In light of the administration’s plan to eliminate 50 faculty positions and two academic programs, the faculty senate has proposed alternative plans that include better incentives for early retirements and the possible elimination of one of USM’s three campuses.
According to Tom McDonald, an associate professor of business computing, closing off a campus has been discussed before but never in a formal proposal. Flanagan has asked for an analysis on the costs of each different campus to help him identify if this proposal is feasible and worth considering. The senate didn’t point to any specific campus to be targeted for elimination, but proposed that all three should be examined for areas where money could be saved.
“I will take that proposal [to eliminate one of the campuses] to the chancellor and the board of trustees,” said Flanagan. “We’re willing to listen to any proposal, if we have time.”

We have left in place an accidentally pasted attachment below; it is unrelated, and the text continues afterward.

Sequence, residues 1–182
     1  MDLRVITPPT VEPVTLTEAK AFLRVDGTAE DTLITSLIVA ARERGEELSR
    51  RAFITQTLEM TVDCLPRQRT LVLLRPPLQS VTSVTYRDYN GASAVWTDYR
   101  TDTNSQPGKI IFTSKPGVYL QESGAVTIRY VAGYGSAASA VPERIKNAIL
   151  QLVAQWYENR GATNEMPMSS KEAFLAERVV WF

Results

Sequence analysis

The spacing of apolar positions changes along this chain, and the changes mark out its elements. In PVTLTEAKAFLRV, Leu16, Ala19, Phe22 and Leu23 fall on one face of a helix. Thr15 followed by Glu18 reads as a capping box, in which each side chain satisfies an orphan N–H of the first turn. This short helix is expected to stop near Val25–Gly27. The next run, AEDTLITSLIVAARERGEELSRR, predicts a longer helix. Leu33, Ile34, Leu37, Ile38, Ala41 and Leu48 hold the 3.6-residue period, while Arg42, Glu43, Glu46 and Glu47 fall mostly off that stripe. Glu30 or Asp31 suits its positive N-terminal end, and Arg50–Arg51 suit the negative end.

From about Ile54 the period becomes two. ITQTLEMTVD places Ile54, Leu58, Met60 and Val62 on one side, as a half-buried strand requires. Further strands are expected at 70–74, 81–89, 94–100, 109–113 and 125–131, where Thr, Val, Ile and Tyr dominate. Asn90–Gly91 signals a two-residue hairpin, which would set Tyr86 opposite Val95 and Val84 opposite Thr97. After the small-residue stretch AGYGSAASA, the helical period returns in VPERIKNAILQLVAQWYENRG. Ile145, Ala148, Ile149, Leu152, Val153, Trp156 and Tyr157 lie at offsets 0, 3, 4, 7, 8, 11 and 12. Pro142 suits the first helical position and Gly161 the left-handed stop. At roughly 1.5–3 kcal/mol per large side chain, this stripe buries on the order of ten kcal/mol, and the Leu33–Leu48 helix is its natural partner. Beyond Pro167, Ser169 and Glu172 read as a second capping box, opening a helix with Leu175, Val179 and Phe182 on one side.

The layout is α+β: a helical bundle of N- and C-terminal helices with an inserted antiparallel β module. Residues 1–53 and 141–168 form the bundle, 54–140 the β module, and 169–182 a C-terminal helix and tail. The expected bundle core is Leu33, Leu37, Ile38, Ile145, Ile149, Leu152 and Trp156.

Offering retirement incentives to over 100 eligible faculty members to potentially reduce the number of retrenchments was also deliberated at length after being proposed by professor of English Bud McGrath. Changing the terms of retirement would have to go through the U Maine system’s Human Resources Department before they would be implemented. Lydia Savage, a professor of geography and anthropology, asked whether or not meeting the proposed retirement quota would save certain departments from retrenchments, but Flanagan declined to answer.
“So retirement may not save a department?” asked Savage. “I need clarity on this issue.”
Jeannine Uzzi, an associate professor of classics and vice chair of the faculty senate, agreed that the issue wasn’t made clear and said that there is a great deal of confusion concerning retirement and retrenchment and how the two pots of money differ from one another. Uzzie asked how is it possible that paying severance to fired faculty is cheaper than awarding early retirement benefits.